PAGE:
В третьих, книга построена с военной чёткостью. Всё обрисовано кратко, ясно и без огромного количества ненужной информации. Второстепенные персонажи сложны и интересны, как герои так и злодеи, и построение мира разбросано между стремительными сценами экшна, характерными для сюжета.

В общем, читается на лету, очень интересно, рекомендую!
Profile Image for Bryan Alexander.
Author 4 books278 followers
April 20, 2019
Some books are easy reads. Others are even easier to get through. This is one of those books that gently sets you down on a soft couch, makes a soothing drink and sets it at your elbow, plays relaxing music in the background, fluffs your pillow, and murmurs into your ear: "You are right to read this. You deserve it. Don't feel bad. It's a good thing. Smile. Have some popcorn. Shut down that brain. Ssssshhhhhh."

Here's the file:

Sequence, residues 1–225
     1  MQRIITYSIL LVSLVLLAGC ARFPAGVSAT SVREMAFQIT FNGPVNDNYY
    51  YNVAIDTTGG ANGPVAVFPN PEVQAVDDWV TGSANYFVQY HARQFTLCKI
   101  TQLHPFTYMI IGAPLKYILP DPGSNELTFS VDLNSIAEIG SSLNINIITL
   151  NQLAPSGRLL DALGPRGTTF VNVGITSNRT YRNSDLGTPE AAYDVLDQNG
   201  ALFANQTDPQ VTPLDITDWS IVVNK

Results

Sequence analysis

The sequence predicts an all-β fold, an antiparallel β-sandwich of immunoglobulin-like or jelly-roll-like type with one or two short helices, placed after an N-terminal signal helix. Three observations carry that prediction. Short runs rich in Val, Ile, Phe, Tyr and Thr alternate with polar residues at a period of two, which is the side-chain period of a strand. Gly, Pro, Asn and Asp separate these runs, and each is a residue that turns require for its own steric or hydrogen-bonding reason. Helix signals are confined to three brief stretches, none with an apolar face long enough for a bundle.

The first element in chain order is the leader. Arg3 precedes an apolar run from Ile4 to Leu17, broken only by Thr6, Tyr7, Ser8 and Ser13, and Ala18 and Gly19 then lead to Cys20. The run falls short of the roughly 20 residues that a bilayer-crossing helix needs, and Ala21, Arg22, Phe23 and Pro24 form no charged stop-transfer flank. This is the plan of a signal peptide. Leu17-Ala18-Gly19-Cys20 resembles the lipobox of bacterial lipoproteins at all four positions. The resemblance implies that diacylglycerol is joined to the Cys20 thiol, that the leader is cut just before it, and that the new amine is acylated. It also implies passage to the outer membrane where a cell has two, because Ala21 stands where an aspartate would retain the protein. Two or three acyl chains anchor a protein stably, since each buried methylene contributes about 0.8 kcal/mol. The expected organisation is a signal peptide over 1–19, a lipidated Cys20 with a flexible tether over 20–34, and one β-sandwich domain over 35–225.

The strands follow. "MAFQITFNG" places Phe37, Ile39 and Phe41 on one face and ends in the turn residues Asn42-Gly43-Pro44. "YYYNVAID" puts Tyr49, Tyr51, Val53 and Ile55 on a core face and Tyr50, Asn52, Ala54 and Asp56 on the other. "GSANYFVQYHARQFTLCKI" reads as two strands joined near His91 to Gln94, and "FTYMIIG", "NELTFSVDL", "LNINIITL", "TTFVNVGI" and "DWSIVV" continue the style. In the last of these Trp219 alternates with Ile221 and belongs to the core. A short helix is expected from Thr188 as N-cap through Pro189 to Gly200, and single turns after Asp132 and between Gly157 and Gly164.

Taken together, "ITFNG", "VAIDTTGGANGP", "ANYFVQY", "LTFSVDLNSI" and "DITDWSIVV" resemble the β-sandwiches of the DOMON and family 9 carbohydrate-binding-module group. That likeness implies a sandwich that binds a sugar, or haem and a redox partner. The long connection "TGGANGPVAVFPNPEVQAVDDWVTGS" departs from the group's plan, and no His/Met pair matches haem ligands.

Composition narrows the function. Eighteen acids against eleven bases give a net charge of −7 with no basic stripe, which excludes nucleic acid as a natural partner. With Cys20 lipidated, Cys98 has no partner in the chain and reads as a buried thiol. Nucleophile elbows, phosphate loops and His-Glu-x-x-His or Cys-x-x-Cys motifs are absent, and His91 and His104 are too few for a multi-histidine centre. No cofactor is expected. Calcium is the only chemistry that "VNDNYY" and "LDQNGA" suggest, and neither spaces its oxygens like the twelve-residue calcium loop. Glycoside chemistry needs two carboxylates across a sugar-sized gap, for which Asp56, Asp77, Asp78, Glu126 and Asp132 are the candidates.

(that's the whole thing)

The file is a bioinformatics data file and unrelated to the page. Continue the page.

Behind the Throne looks like a space opera and a story of intrigue, but really isn't either. It concerns the heir to an interstellar empire who, after a time slumming as a gunrunner, is summoned to succeed the empress. 99% of the novel is that succession, meaning our heroine meets people, is sometimes shot at, swears unimaginatively, has repetitive conversations with indistinguishable characters, and emits some ideas we're told are brilliant and that nobody else has thought of.

I made it through the book by dint of two reasons. First, our local sf book club read it, and I wanted to participate. Second, two worldbuilding ideas peeped forth from the narrative tedium. Women run the space empire and it's somewhat Indian in culture. I had hopes that these ideas would become interesting, but they never did. The matriarchy (it's called that) doesn't matter; you could randomly assign genders to nearly any character without changing a thing. Indian culture doesn't matter; it just means a few Indian names for things, plus a couple of Indian outfits worn by the heroine.